A few of the prominent facts illustrating this stage of the case will be cited. On the 19th of July, 1838, the Secretary of State, by direction of the President of the United States, addressed letters to a number of the distinguished men of the country thought to be best qualified to advise on the subject. Answers were received from John Quincy Adams; Francis Wayland, D.D., president of Brown University; Dr. Thomas Cooper, of Columbia, South Carolina; Hon. Richard Rush; and President Chapin. The diversity of views which must ever be expected in reference to such a subject, was revealed, in all its extent, at the very outset. Mr. Adams recommended an observatory; President Wayland a higher university ; Dr. Cooper a university, and, to escape constitutional objections, to transfer the fund to the corporatior of Georgetown; Mr. Rush recommended a more complicated system, for the collection from all countries, through ministers, consuls, and naval and military officers, of seeds and plants, objects of natural history and antiquities; a standing Board of the chief officers of the government; the institution to have a printing press; the Board to determine what should be printed; the democratic principle, as developed in our institutions, to be particularly discussed; lecturers to be appointed by the President and Senate, with salaries large enough to command the highest talent; a certain number of young men from each State to attend the lectures, their expenses being paid by the institution, &c. President Chapin was in favor of professorships being established on a liberal scale; a library, apparatus, and an astronomical observatory.
On the 14th of December, 1838, a memorial was presented to Congress, recommending an agricultural institution, with a large farm, beet-sugar manufactory, mill, workshops, &c. As propositions multiplied, the difficulties in the way became, at each step, and in view of eve scheme, more and more apparent.
In January, 1839, Congress began to grapple with the subject. The university plan was defeated in the Senate on the 25th of February, 1839. Čongress provided for an observatory out of its own funds, and that matter was disposed of and taken out of the question. An institution like the Garden of Plants at Paris was strongly urged in the Senate, but the proposition did not prevail. In 1845, Mr. Choate proposed in the Senate the library plan, and it passed that body on the 23d of January. In the House, several members offered different propositions. One proposing a normal school was rejected—yeas 72, noes 42; one proposing lectures and professors was rejected—77 to 42. The plan of lectures, as a leading feature, was rejected by similar strong votes on several occasions.
Various bills were reported, and substitutes offered, in the lwo Houses. At length the question was settled. In April
, 1846, the following proceedings took place in the House, while in Committee of the Whole on the State of the Union, the Smithsonian bill being under con
sideration. We quote from the Congressional Globe of that year, page 749:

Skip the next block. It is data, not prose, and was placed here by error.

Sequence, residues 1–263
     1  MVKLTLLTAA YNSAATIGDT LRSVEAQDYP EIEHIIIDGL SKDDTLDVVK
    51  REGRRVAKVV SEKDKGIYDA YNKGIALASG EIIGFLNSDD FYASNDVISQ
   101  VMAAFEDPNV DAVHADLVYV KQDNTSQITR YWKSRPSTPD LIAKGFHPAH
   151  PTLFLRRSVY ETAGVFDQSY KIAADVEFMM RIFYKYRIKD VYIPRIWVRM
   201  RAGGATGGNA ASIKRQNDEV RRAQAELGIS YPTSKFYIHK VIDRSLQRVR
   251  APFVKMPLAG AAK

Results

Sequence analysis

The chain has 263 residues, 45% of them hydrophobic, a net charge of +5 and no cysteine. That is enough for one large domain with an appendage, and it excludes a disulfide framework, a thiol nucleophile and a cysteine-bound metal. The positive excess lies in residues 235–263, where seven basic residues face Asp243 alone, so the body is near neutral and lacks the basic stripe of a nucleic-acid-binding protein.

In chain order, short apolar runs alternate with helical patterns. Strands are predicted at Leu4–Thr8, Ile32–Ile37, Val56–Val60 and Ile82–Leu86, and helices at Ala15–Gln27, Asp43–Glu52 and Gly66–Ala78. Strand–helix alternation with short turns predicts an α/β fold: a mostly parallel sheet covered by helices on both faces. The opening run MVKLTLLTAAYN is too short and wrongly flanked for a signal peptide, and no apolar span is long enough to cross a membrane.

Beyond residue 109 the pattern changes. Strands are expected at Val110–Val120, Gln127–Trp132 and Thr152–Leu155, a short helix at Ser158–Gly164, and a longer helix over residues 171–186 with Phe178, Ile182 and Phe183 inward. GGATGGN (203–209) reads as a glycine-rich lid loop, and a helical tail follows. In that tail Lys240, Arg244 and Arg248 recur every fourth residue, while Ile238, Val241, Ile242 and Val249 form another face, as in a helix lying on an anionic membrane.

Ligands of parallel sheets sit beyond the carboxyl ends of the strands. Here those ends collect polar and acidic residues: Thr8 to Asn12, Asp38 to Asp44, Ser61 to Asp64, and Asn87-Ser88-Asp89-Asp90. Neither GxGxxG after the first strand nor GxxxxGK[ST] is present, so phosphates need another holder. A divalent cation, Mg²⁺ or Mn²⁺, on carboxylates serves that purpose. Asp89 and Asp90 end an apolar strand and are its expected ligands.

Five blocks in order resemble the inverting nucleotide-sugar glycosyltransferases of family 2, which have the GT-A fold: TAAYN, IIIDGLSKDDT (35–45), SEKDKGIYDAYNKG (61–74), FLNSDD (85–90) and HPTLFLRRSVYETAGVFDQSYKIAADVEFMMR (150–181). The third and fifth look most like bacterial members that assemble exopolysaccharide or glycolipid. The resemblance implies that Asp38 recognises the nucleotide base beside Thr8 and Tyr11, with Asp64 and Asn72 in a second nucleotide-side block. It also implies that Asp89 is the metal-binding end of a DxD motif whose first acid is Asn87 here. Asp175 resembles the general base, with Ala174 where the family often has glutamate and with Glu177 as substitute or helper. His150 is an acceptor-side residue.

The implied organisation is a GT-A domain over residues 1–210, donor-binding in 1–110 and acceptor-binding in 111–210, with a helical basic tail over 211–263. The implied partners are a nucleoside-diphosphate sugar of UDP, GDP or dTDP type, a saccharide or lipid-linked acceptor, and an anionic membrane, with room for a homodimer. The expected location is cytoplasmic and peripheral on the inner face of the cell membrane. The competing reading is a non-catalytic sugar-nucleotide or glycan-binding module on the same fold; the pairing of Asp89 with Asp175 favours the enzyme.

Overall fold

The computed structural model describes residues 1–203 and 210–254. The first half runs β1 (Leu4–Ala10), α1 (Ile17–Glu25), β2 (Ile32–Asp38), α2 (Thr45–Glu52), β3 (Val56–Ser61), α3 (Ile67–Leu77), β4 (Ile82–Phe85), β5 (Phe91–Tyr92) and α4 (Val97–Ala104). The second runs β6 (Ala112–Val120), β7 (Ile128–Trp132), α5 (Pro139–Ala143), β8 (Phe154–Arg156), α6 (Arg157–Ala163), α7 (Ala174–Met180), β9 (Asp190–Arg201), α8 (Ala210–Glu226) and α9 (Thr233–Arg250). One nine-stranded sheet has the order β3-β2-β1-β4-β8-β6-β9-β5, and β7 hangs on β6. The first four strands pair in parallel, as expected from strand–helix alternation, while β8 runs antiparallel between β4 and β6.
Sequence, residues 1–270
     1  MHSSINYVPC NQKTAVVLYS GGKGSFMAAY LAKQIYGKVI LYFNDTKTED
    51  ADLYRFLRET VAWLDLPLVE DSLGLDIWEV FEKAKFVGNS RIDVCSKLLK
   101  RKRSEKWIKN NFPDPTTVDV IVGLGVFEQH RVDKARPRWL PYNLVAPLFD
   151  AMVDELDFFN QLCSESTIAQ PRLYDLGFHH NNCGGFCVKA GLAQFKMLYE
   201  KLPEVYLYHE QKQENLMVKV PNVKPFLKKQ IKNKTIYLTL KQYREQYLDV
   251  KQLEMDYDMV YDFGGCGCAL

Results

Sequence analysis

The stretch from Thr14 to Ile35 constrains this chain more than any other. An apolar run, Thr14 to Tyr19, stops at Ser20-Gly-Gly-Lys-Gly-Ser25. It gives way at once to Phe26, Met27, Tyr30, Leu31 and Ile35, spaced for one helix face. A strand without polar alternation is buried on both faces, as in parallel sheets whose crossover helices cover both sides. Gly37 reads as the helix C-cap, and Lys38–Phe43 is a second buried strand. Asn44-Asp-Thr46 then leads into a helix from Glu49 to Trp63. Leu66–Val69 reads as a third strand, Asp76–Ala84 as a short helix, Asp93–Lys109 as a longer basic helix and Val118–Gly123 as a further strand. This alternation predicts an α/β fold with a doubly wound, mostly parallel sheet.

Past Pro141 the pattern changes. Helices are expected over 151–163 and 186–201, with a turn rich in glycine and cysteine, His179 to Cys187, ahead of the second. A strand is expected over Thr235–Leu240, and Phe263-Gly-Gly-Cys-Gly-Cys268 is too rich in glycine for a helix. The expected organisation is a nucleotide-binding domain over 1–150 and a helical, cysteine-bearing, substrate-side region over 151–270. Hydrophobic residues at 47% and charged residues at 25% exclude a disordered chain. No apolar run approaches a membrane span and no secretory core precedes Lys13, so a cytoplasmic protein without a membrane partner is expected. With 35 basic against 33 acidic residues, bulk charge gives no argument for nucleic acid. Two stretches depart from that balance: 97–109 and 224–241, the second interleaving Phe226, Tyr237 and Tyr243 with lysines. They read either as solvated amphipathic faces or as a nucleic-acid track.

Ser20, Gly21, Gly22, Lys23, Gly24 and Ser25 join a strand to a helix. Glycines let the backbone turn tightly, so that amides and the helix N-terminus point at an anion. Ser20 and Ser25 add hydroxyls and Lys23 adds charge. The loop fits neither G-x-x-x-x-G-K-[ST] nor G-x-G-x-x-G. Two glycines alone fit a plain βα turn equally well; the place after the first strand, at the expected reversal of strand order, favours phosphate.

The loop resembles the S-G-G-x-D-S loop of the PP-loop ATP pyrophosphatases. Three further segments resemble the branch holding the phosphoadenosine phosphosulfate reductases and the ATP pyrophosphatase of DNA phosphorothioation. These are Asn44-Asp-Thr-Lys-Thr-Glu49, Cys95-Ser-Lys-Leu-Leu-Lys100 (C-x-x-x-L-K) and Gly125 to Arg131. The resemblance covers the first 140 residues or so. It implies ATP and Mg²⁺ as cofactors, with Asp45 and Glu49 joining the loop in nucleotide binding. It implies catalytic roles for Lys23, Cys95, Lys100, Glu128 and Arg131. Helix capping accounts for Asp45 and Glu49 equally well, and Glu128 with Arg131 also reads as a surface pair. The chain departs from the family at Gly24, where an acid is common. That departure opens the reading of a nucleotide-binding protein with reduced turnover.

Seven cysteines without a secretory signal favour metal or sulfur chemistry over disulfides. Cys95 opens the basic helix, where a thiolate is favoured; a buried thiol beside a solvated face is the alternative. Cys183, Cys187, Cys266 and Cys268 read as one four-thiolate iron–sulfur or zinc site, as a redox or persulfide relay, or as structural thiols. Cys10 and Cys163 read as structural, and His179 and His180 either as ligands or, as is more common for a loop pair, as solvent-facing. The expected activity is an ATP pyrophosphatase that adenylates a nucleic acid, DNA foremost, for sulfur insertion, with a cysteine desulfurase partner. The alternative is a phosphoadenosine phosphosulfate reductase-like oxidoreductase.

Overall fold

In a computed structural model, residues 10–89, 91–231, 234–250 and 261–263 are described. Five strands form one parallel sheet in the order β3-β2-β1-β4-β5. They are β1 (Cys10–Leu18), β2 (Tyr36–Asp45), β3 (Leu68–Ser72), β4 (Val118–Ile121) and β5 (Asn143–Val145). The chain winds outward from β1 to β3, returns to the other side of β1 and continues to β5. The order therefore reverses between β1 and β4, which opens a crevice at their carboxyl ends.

“ The question again recurring on the original bill, as amended,
“ Mr. Hough offered the amendment of which he had given notice as a substitute for the entire bill, being a bill consisting of fourteen sections.
“Mr. Marsh moved several amendments, all with a view, as he said, to direct the appropriation ENTIRELY to the purposes of a LIBRARY.
“ The first one was to section 7th, to strike out the words and such lecturers as may be employed by said Board,' and the words and lecturers, and all other officers of the institution
“ The question being taken, was decided in the affirmative-ayes 72, noes 39.
“ So the amendment was agreed to
“Section 8. And be it further enacted, That the said Board of Regents shall employ so many and such able men to lecture upon useful subjects, and at such times and places, as they may deem most beneficial for the increase and diffusion of knowledge among men ;' and shall also, during each session of Congress, cause a course of such lectures to be delivered, weekly or semi-weekly, publicly, in the lecture-room of said institution, and shall make all suitable provisions for the accommodation of all members and honorary members of said institution and of both Houses of Congress.
“ Also, an amendment to the 9th section, to increase the annual appropriation for the library from $20,000 to $25,000. Agreed to.
“Mr. Tibbatts moved to strike out the first section.
“ The chairman decided the amendment to be out of order, that portion of the substitute bill having been passed.
" Mr. Marsh moved an amendment to strike out the 10th and 11th sections of the substitute, in the words following:
“ Section 10. And be it further enacted, That the said Board of Regents shall make all needful rules, regulations, and by-laws for the government of the institution and the persons employed therein ; and, in prescribing the duties of the professors and lecturers, they shall have reference to the introduction and illustration of subjects connected with the application of science to the productive and liberal arts of life, improvements in agriculture, in manufactures, in trades, and in domestic economy; and they shall also have special reference to the increase and extension of scientific knowledge generally, by experiment and research. And the said regents shall cause to be printed, from time to time, any lecture or course of lectures which they may deem useful. And it shall be the duty of each lecturer, while in the service of the institution, to submit a copy of any lecture or lectures delivered by him to the regents if required.
“ Section 11. And be it further enacted, That it shall be competent for the Board of Managers to cause to be printed and published, periodically or occasionally, essays, pamphlets, magazines, or other brief works or productions for the dissemination of information among the people, especially works in popular form on agriculture and its latest improvements, or the sciences and the aid they bring to labor, manuals